However, as David Horowitz and Jacob Laksin show in their meticulously researched 2012 book, The New Leviathan: How the Left-Wing Money Machine Shapes American Politics and Threatens America's Future, the greatest exploiters of the “murkiness” of “social welfare” activism are by far left-wing organizations. The collective assets of liberal-progressive grant-making foundations are in fact 10 times the size of the assets of conservative foundations.
DiscoverTheNetworks.org, a website run by the David Horowitz Freedom Center, identified 115 major progressive or left-leaning foundations. In 2010, it found the progressive foundations had total assets of $104.56 billion.
The left-leaning National Committee for Responsive Philanthropy and Think Progress, a popular blog run by the Center for American Progress Action Fund, identified 82 major conservative grant-making foundations. In 2010, they found the conservative foundations had total assets of just $10.29 billion.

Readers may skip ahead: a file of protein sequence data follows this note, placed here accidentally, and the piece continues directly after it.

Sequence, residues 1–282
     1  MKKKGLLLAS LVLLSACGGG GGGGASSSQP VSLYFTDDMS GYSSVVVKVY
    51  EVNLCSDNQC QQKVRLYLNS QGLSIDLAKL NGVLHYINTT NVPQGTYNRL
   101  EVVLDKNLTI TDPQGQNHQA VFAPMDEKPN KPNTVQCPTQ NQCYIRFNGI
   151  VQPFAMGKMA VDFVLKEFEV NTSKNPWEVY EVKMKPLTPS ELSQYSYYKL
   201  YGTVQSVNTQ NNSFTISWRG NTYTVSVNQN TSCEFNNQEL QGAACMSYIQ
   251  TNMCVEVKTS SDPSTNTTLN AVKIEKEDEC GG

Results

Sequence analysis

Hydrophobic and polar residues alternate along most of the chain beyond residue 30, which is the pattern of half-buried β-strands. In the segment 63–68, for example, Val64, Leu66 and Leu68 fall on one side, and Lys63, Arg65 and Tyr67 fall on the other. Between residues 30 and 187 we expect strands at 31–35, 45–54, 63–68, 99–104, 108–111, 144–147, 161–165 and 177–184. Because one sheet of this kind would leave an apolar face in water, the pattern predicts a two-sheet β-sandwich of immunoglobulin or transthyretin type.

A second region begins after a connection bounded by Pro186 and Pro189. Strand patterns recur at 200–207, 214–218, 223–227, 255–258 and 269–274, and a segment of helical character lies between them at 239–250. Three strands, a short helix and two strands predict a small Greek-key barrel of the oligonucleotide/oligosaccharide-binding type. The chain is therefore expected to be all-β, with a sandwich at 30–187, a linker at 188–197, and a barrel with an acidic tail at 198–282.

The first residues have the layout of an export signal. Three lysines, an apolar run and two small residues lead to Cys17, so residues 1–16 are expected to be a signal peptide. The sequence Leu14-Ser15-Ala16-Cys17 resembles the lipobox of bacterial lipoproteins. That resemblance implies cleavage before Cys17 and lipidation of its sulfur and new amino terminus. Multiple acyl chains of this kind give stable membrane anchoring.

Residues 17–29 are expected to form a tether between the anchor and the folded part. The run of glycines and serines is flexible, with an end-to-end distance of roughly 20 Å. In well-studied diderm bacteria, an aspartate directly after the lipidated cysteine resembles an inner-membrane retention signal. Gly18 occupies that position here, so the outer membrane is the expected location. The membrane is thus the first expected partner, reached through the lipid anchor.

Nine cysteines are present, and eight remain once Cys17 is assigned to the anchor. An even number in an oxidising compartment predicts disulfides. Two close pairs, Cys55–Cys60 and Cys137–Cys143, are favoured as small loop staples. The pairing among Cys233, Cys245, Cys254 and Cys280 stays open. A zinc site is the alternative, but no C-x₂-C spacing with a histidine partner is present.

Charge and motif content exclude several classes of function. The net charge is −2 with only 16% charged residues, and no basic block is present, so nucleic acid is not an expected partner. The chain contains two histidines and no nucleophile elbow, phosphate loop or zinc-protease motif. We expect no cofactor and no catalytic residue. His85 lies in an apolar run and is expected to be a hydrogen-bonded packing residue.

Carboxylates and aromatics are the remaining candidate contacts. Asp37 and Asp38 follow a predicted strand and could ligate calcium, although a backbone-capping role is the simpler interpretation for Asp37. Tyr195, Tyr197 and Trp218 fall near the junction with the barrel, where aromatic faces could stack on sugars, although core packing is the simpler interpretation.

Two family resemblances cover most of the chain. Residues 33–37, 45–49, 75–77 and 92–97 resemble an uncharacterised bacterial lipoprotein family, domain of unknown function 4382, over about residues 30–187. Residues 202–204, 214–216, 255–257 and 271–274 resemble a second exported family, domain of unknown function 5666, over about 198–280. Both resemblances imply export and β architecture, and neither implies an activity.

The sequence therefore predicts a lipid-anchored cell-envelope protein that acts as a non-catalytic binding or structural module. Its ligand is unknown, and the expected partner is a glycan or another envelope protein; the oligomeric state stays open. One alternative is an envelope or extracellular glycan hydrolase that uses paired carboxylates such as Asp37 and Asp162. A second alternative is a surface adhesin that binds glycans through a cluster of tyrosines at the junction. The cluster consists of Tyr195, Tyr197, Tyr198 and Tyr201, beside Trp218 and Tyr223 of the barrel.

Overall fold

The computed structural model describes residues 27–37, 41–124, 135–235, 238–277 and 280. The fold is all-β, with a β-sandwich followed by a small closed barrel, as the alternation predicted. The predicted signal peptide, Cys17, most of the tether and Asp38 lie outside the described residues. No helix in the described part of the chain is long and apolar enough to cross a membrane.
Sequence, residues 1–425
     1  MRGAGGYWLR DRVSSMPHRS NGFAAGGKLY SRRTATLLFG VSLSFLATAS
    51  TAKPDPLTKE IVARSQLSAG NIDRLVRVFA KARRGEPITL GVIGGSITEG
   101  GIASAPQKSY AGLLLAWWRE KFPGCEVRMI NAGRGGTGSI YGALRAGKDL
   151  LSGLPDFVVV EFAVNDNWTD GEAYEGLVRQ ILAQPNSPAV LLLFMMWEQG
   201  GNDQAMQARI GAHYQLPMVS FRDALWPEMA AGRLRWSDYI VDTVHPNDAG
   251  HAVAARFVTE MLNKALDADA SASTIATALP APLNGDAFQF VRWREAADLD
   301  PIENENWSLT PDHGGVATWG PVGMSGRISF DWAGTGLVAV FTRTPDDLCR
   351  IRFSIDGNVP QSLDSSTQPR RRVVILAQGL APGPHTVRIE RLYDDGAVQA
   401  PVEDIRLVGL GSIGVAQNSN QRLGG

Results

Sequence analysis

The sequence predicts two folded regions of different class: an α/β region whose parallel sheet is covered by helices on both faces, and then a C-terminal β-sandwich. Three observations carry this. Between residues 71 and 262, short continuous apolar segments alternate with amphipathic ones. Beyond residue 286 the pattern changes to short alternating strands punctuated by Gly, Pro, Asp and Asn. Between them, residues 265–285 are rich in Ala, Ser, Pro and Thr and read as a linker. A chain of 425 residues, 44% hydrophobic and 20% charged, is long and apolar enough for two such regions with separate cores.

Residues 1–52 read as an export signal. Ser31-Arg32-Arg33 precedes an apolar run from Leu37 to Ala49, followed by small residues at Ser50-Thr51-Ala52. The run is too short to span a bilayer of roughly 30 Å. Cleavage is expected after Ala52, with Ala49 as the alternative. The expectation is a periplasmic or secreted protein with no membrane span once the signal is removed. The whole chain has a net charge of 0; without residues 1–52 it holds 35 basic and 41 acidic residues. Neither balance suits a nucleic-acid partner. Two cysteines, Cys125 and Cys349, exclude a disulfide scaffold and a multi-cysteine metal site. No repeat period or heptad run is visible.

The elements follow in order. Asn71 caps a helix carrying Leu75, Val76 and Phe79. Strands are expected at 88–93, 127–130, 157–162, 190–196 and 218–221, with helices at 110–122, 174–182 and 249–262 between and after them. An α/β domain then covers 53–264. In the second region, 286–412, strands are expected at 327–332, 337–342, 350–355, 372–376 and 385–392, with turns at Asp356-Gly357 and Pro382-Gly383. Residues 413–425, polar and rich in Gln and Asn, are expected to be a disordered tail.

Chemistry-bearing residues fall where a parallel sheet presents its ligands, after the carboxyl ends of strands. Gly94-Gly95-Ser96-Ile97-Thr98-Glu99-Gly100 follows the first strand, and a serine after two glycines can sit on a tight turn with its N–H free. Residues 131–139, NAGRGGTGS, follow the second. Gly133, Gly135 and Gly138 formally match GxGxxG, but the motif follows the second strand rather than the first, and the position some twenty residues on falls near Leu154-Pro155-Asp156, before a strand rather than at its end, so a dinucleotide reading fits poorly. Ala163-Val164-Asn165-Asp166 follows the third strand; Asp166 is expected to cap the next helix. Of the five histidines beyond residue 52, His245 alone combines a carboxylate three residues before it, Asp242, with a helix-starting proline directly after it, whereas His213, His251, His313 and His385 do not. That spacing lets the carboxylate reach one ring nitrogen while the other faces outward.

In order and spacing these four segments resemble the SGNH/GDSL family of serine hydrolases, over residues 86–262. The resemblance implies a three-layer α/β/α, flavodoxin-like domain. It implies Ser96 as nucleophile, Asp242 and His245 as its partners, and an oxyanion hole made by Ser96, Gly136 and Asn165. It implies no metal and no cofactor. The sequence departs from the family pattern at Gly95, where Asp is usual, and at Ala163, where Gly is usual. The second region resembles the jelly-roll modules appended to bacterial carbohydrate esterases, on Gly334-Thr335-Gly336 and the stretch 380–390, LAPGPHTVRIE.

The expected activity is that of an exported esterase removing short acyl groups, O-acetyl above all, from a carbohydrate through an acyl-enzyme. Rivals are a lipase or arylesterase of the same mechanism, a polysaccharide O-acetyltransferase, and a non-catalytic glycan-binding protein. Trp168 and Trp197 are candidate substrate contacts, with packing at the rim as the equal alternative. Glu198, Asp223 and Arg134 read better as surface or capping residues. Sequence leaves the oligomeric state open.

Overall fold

The progressive foundations awarded $8.81 billion in grants compared to the conservative foundations' paltry $831.8 million in grants. As long as grant makers "don't violate IRS rules that bar direct contributions to candidates and parties, tax-exempt foundations can operate without constraints," Horowitz and Laksin write.
This vast network of left-wing funders and activist groups dwarfs anything the activist Right has to offer. It is "self-sufficient and self-perpetuating ... an aristocracy of wealth whose dimensions exceed any previous accumulations of financial power, whose influence already represents a massive disenfranchisement of the American people and whose agendas pose a disturbing prospect for the American future," according to the authors.
For example, Horowitz and Laksin also show that the Left thoroughly dominates two huge areas of interest-group warfare today: immigration and environmentalist activism.